Theme songs[edit]

  • Openings
  1. "Kirby★March" (カービィ★マーチ, Kābii★māchi)
    • October 6, 2001 - February 22, 2003
    • Lyricists: Shinji Miyake & Jian Hong / Composer & Arranger: Akira Miyagawa / Singer: Xiang Qi
    • Episode Range: 1-71
  2. "Kirby!" (カービィ!, Kābii!)
    • March 1 - September 27, 2003
    • Lyricist: Shōko Fujibayashi / Composer: Kazuto Satō / Arrangers: Hiromi Suzuki & Yasumasa Satō / Singer: Hiroko Asakawa
    • Episode Range: 72-100
  • Endings
  1. "First You Draw a Circle" (きほんはまる, Kihon wa maru)
    • October 6, 2001 - February 22, 2003
    • Lyricist: Miwako Saitō / Composer: Akira Miyagawa / Arranger: Yō Shibano / Singer: Xiang Qi
    • Episode Range: 1-71
  2. "Kirby☆Step!" (カービィ☆ステップ!, Kābii☆suteppu!)
    • March 1 - September 27, 2003
    • Lyricist: Yuka Kondō / Composer & Arranger: Akira Miyagawa / Singer: Konishiki Yasokichi
    • Episode Range: 72-100
"Kirby Kirby Kirby!" (Also used in the North American version of Donkey Konga as "Kirby: Right Back At Ya!")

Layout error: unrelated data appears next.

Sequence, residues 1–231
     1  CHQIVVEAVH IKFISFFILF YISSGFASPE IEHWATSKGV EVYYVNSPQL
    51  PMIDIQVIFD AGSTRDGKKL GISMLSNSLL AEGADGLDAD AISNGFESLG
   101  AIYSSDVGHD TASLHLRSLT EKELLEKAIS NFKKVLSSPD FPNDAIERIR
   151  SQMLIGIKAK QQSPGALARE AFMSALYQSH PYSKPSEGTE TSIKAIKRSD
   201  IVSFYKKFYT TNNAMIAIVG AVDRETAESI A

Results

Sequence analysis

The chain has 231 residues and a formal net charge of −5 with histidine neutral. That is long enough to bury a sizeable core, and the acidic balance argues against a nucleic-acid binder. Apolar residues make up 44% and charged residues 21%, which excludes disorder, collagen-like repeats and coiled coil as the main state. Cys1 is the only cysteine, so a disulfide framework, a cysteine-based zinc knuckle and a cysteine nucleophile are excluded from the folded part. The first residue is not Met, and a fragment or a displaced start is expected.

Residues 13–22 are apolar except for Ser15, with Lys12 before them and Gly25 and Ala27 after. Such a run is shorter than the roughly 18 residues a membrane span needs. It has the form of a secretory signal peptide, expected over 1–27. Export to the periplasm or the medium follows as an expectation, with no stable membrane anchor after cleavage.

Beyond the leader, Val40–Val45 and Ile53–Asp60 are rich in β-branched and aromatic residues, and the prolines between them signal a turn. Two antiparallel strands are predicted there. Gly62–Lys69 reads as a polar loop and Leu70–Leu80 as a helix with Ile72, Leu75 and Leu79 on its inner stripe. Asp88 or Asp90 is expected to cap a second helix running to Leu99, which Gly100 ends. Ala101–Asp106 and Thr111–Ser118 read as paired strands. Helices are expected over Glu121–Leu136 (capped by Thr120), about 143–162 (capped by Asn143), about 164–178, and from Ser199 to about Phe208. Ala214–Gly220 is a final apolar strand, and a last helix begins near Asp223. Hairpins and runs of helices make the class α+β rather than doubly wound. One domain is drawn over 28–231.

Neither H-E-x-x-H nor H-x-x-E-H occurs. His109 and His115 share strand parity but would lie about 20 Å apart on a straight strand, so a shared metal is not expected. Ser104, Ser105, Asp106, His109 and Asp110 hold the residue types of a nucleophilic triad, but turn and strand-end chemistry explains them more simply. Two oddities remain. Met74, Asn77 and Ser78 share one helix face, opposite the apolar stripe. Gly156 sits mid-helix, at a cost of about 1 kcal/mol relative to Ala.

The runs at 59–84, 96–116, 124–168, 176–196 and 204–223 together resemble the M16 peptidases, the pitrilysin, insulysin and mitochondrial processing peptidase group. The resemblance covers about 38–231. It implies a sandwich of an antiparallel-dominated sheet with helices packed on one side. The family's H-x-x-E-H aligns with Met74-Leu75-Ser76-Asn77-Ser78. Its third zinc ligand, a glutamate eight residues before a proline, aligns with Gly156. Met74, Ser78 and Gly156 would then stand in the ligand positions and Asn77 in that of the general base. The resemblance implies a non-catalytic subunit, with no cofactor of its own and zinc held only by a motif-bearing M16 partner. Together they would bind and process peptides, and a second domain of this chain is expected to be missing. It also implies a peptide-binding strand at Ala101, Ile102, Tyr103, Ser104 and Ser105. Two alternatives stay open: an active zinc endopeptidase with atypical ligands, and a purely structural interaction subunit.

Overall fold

Home video releases[edit]

All North American DVD releases of Kirby: Right Back at Ya! were released by 4Kids Home Video and licensed by Funimation Entertainment. The 2005 DVD release of Kirby: Fright to the Finish!! was a compilation of the final five episodes of the television series edited together to create a feature-length film.

  • Kirby: Right Back at Ya! Volume 1: Kirby Comes to Cappytown (November 12, 2002)[14]
  • Kirby: Right Back at Ya! Volume 2: A Dark and Stormy Knight (January 7, 2003)[15]
  • Kirby: Right Back At Ya! Volume 3: Kirby's Egg-Cellent Adventure (November 4, 2003)[16]
  • Kirby: Fright to the Finish!! (June 14, 2005)[17]
  • Kirby's Adventures in Cappytown (February 19, 2008)
  • Kirby: Cappy New Year & Other Kirby Adventures (December 9, 2008)